Under the Estate Agents Act, salespersons marketing foreign properties in Singapore are required to comply with the Act and its regulations, which includes performing due diligence on the foreign developer and the property, as provided for in CEA’s Practice Guidelines. If an estate agent is found to have breached any of the provisions, CEA can take action against the agent. This could take the form of a financial penalty of up to $75,000. The estate agent’s licence or the salesperson’s registration could also be revoked or suspended.
While due diligence by estate agents could help reduce risks to a limited extent, it would not ensure that the foreign property transaction would be risk-free, cautions CEA. “Foreign developers could go into insolvency for various reasons,” adds Heng. “Scams by foreign developers, if any, may not be easy to detect.”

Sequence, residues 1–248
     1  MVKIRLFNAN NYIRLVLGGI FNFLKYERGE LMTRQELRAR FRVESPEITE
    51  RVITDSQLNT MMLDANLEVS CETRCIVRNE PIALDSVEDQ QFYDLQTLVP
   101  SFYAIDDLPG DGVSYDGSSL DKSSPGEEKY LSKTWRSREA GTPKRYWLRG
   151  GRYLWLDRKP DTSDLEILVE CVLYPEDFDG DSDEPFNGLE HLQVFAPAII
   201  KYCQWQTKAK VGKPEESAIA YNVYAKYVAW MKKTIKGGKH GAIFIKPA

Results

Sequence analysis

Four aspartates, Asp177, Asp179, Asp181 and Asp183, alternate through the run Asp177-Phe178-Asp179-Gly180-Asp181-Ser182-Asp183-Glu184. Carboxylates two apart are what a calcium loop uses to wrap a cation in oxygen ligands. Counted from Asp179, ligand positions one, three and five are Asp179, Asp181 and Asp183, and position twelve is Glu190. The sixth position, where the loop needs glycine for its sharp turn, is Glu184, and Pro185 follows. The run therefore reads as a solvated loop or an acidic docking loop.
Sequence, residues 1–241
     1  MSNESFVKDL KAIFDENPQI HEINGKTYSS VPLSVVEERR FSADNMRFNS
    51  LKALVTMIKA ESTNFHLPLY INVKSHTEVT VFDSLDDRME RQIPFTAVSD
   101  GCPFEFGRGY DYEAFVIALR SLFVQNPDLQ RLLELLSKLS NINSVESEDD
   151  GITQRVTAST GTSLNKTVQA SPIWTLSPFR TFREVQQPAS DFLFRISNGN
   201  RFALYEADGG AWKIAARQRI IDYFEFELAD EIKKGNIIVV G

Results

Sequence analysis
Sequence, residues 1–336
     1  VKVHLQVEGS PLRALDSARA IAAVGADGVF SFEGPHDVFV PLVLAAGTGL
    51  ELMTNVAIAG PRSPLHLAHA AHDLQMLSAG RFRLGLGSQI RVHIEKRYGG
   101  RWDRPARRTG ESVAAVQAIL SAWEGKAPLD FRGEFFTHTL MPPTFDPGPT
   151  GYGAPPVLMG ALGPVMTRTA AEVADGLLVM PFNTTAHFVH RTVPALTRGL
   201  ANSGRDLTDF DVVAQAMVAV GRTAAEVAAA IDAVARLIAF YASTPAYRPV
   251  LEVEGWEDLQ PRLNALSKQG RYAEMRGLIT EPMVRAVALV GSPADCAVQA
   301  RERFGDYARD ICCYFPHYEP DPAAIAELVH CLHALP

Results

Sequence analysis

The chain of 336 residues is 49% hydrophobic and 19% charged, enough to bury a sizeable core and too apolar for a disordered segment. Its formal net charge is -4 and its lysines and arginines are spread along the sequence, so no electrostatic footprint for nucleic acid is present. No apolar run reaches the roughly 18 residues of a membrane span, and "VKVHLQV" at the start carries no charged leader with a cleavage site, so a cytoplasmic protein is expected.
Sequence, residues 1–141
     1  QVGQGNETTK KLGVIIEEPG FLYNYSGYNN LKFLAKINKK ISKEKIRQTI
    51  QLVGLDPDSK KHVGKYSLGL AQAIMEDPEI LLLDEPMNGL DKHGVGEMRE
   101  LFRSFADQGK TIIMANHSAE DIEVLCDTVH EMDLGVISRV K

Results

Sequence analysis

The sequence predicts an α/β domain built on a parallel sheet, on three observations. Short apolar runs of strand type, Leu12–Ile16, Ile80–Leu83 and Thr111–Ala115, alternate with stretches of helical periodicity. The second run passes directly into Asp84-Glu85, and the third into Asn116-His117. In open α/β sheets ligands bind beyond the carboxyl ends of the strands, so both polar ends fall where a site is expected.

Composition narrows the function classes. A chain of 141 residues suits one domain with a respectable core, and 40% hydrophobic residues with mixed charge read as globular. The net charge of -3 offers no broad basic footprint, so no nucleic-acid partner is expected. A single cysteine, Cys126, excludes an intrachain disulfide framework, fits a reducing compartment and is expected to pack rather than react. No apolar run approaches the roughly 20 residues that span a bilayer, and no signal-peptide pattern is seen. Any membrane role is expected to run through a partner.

Scams, including property-related ones, are essentially cheating offences punishable under the Penal Code with imprisonment or a fine, or both, according to CEA. And cheating offences come under the purview of the police.
Different investment schemes A number of failed investment schemes have surfaced over the past two years. Besides Key Homes, there was also EcoHouse, supposedly a Brazilian developer endorsed by the local government to build social housing. The scheme promised returns of 20% per annum, and 1,500 Singaporean investors sank a total of $70 million into the venture.
An increasing number of people from the UK are trying to market creative schemes in Singapore, offering investments in parking spaces, hospital beds and even burial sites, observes a lawyer who declines to be named.